These scenes are bright, colorful, and detailed. It doesn’t feel like the animators are showing off — it feels like they empower the story with visuals. I struggle to compare the detail to something like “Weathering with You” or other movies that go into vivid detail, but between the world and the characters (noticeably the eyes) you cannot miss this anime. 4/4 

The World 

“A Lull in the Sea” navigates a difficult world well. There are two distinct worlds in the show in the surface and the sea. Like shows that deal with events that happen at different times, the animators need to give easy visuals to let the viewers know where they are. The use of fish surrounding the characters, the presence of sea slugs and the more traditional feed of the sea set the setting apart. Not only were the two settings visually distinctive, but the writers read my award-winning, peer-reviewed journal entry, “Marshal’s Keys to a Cohesive World.” We know this because the writers established central points in the world, revisited the locations on logical intervals, and allowed the viewers to explore the world with the characters. Change is a big theme in the show so it makes sense that we get to see the world change with the characters. The world is immersive, allows for creativity, and is detailed — everything you want to experience in a world. 3/3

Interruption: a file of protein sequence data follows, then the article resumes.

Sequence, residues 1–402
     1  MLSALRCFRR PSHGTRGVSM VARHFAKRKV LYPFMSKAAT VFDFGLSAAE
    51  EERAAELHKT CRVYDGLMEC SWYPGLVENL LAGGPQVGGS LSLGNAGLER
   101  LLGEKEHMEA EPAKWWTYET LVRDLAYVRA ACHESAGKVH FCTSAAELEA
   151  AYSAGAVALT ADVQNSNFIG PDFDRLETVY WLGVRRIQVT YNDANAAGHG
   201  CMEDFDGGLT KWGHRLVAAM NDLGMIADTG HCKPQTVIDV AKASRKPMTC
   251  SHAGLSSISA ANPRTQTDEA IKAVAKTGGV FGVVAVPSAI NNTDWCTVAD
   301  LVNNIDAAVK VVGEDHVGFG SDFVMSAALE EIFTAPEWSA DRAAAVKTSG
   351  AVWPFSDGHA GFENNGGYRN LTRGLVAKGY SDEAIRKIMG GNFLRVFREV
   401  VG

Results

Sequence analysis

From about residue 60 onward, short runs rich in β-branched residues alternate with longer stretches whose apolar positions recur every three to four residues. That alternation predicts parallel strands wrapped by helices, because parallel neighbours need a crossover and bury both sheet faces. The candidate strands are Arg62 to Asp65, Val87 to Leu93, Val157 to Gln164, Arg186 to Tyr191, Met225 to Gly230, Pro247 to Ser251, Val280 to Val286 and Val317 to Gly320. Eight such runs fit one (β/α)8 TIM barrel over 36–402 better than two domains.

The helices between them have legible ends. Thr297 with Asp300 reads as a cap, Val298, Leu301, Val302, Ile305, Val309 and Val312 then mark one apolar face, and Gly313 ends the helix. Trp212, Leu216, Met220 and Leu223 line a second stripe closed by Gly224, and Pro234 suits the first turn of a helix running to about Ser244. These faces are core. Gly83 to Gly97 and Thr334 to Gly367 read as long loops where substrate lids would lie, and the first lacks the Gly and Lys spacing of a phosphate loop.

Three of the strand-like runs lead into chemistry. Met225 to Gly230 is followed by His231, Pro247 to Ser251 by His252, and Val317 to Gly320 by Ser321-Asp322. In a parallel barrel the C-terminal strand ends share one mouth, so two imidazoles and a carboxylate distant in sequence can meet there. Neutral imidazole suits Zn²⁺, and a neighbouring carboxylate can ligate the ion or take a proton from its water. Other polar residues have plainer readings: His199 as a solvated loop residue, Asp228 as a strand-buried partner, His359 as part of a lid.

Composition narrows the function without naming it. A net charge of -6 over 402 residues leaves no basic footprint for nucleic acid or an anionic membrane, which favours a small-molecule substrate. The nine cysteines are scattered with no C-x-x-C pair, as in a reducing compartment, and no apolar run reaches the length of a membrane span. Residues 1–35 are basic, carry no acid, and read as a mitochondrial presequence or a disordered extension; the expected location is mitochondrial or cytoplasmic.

The show isn’t perfect. The music is… well, it’s okay. The opening song is not a bop at all. Good shows like Promise Neverland are made better by their bop of an opener but this one doesn’t make the cut. Would not listen to it again. Songs are not reused to a degree that I noticed and during key points, the music adds weight to the show. I never got the sense that the music reached the highest degree, though. I would not be able to listen to a song from the show, aside from the intro, and say, “Ah yes, that song from ‘A Lull in the Sea!’” 1/3

CategoryPoints GivenPoints Possible
I am interested in the characters in the story56
I liked the emotion the story made me feel66
The story brings up interesting ideas66
I felt the pacing of the show was appropriate44
The animation in the show is beautiful44
I am interested in the world that the story takes place in33
I felt that the music added to the story in a meaningful way13
Overall Score


Listen to me. Listen closely. If you do one single thing out of all the things that I tell you, watch this show. Give it a shot, and if you don’t have Netflix then pay $10 or ask a friend. I am pulling out my simp card and cashing all my credits on this show.

Published by Marshal Brummel

Anime Amateur